I’m sure most of you have seen the “Platoon”… and loved it. Voted as one of the best war films ever made, written and directed by Oliver Stone, “Platoon” won 4 Academy Awards (including best picture and best director).
Bravo-6, a new Russian figure company, is giving you the chance to paint Sgt. Elias and other well known characters from the “Platoon” movie. Wonderfully sculpted with amazing attention to detail, these figures bear striking resemblance to the “Platoon” cast.
If you are interested in painting figures and visit figure dedicated websites, you have probably noticed several very talented Russian figure sculptors. Vladimir Demchenko is one of them; Vladimir became known to the broader public after showing some of his amazing work on planetFigure website. His first sculpt posted on the website was the figure from the “Platoon” movie representing Willem Defoe as Sgt. Elias Grodin, which can be viewed Here.
After that post, Vladimir showed several other “Platoon” movie characters he sculpted and they all were fantastic, but the big question was whether those amazing figures would ever be produced. Fortunately, the public didn’t wait too long to hear a new Russian company, Bravo-6, was to release all “Platoon” figures in resin… and couple of months after Vladimir’s first post on planetFigure, I got the chance to write a review of Sgt. Elias for Armorama.
The figure arrived safe in a cardboard box decorated with nicely painted box-art. The box is very firm, so that the pieces packed inside the zip-lock bag are not likely to be damaged during transport.
Upon closer inspection the figure looks absolutely fantastic. The figure consists of 12 resin parts and a decal set. The parts are cast in gray resin; the resin is almost completely clean of any imperfections... there are no air bubbles, no flash or seam lines. Casting plugs are intelligently placed, allowing easy clean up with minimal chance of damaging the detail.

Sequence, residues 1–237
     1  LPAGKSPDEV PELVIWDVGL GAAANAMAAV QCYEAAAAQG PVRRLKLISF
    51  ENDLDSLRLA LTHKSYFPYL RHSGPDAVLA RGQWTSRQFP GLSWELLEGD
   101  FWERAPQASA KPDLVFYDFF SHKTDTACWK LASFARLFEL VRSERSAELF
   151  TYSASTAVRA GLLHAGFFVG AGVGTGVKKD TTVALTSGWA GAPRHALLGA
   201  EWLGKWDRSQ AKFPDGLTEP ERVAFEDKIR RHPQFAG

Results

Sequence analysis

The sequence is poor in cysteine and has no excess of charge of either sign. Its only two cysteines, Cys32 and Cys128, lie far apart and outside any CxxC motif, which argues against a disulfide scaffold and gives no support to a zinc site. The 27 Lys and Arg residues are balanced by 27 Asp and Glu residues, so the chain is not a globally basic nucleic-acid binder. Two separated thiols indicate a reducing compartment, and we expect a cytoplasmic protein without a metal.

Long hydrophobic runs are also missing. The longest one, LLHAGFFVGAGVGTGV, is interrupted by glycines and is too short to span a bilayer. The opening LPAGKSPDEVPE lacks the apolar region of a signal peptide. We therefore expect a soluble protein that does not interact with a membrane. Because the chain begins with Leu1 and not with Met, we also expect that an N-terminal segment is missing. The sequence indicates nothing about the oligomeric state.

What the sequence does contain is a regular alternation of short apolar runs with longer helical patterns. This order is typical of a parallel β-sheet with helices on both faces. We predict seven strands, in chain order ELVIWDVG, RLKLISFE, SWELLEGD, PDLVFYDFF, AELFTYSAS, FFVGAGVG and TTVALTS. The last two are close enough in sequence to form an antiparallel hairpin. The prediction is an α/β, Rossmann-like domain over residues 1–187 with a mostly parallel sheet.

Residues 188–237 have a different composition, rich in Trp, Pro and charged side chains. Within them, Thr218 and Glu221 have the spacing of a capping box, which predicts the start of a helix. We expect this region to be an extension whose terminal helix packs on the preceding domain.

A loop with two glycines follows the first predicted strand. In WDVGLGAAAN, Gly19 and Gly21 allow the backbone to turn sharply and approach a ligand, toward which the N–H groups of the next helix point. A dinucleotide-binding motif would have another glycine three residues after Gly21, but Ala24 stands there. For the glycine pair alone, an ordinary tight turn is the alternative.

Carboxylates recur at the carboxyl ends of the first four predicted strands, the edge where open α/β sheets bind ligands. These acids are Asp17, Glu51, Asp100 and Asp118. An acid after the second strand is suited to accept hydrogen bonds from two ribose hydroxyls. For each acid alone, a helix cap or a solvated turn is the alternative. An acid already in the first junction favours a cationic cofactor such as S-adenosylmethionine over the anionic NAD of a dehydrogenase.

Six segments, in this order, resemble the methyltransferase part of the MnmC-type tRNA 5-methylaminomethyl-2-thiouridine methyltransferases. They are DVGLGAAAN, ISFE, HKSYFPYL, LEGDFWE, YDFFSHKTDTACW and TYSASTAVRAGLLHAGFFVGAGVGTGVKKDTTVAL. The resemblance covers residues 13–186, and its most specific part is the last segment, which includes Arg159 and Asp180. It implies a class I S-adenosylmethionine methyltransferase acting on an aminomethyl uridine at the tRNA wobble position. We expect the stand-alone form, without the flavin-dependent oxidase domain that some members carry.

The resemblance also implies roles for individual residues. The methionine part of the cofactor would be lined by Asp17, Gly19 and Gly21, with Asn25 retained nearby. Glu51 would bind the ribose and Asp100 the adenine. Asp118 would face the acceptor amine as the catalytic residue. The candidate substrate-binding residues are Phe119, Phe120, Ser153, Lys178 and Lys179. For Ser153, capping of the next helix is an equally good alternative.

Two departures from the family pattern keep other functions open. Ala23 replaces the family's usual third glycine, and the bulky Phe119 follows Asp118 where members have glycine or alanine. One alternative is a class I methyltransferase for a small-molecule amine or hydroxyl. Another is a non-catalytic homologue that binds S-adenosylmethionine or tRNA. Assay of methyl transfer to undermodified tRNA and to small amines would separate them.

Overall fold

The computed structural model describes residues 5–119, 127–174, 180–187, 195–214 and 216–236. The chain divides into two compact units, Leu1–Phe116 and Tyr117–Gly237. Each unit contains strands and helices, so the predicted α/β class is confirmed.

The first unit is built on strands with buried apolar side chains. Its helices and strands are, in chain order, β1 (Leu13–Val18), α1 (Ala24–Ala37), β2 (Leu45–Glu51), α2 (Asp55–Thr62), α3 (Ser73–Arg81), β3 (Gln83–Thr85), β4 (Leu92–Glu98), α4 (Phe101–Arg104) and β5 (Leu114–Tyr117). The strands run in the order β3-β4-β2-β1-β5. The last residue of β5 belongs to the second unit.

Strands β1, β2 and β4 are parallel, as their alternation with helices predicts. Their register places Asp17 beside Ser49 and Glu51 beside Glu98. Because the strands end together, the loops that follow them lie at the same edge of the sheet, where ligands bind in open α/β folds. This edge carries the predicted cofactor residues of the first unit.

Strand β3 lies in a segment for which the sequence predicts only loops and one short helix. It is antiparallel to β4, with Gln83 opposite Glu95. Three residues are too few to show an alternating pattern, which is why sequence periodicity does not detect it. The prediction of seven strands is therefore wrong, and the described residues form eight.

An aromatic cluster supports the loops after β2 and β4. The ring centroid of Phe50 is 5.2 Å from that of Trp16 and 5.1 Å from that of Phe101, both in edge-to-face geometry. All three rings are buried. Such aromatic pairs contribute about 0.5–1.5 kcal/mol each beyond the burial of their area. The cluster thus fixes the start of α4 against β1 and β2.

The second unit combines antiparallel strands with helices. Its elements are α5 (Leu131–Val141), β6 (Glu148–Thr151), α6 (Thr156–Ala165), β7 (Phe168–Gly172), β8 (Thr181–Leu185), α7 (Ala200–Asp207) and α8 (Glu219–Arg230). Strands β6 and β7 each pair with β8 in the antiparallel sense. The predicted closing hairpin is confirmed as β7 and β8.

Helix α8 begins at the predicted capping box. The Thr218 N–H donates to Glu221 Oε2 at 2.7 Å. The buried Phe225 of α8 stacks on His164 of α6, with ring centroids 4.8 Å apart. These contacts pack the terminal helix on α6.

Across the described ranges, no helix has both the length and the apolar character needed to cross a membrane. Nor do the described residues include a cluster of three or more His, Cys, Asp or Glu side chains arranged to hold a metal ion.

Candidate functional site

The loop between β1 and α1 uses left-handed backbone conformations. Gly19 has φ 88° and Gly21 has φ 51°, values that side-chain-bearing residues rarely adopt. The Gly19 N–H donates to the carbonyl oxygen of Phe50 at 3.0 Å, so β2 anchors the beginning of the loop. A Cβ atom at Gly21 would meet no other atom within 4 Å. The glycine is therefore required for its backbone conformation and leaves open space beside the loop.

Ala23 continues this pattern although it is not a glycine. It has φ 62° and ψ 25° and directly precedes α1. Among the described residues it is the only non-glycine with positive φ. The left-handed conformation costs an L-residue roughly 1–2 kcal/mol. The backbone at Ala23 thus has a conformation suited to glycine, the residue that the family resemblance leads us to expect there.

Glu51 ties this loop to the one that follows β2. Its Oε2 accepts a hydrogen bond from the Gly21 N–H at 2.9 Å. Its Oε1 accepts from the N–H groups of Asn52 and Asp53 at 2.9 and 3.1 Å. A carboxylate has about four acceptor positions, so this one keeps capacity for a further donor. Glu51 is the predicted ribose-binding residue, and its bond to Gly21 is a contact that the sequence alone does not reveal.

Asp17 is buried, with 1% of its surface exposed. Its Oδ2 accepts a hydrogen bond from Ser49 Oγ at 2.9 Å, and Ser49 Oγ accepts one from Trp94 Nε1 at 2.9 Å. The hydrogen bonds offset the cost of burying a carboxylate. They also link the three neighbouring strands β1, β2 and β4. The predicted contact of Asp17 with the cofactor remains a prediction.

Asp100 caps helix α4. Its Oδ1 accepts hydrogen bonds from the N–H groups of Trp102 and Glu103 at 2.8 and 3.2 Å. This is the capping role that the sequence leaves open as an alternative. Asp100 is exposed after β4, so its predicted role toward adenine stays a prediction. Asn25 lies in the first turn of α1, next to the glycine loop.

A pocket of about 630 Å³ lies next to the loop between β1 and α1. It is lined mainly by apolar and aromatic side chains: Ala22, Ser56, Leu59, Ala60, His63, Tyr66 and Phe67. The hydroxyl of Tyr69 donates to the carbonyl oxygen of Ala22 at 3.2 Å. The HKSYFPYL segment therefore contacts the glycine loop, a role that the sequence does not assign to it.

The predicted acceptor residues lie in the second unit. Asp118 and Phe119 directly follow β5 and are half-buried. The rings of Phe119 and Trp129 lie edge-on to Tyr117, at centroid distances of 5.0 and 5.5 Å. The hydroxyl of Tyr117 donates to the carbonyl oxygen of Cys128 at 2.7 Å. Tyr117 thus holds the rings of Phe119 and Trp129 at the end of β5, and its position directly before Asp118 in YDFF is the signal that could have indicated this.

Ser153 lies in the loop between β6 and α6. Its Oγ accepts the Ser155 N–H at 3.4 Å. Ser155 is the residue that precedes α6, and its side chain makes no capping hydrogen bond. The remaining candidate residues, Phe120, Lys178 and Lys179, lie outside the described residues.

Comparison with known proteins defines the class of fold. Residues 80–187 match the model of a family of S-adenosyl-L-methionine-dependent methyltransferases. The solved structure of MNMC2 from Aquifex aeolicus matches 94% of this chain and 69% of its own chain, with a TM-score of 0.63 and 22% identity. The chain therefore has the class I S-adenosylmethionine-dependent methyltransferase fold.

The fit of the pieces is excellent; if placed correctly there are almost no visible gaps between the pieces so minimal putty work is needed. The left hand grips the weapon handguard very nicely, however be patient to test the fit before gluing the arms to the torso. My advice would be to join two arms on the weapon without using glue, fitting the left arm well on the weapon and then gluing arms to the torso.
The anatomy of the figure is perfect and the walking pose seems very natural. The level of detail is really amazing; among the best I have seen on resin figures.The Uniform:
The figure wears tropical combat uniform which was introduced in 1963. Patterned after the WW2 parachutist’s uniform, the tropical combat uniform was made of cotton-poplin, which was suitable for Vietnam’s range of climates. The loosely fitting garments offered good protection against insects and other tropical hazards, as well as being cool and quick-drying. Several features were modified in later versions of the tropical uniform, but the general cut was the same throughout the war. The tropical combat boots (“jungle boots”) were introduced to Vietnam alongside the tropical combat uniform. The boots were one of the most successful innovations of the war; the leather of most of the upper portion of the boot was replaced by cotton/nylon fabric which was cool and fast-drying.
As far as I can tell, both uniform and the boots are correctly sculpted in terms of historical (and movie) accuracy. The insignia badges are sculpted on the uniform: 25th Infantry Division insignia badge on the upper left sleeve with chevrons for the sergeant rank below and 1st Cavalry Division badge on the upper right sleeve with chevrons for the sergeant rank below. The sculptor captured the “feel” of the tropical uniform and boots very nicely.The Equipment:
M1956 Individual Load Carrying Equipment (LCE) was issued in 1957 and became the standard gear throughout the Vietnam War. Made from olive-green cotton-canvas, the M1956 system introduced a number of new concepts to personal equipment: securing items against the belt rather than hanging them from it thus eliminating the “bounce” effect of the old system and including combat field pack (butt pack) which, in theory, eliminated the need for a separate rucksack. This figure wears typical M1956 equipment belt and suspenders, a universal small arms ammunition pouch on the front right of the belt and twin-cell magazine pouch for the pistol on the front left of the belt. The Marine first aid kit is centered on the rear of the belt and Tanto knife is taped to the harness on the left shoulder.
During the Vietnam War ammo for the weapon was often carried loaded into magazines in the cotton bandoleers draped around the chest or waist. By 1968 these bandoleers had become the most common way of carrying rifle ammunition, holding seven 20-round M16 magazines apiece. The figure wears one of these bandoleers around the chest; the bandoleer details are very nice and you can almost feel the weight of the ammo magazines.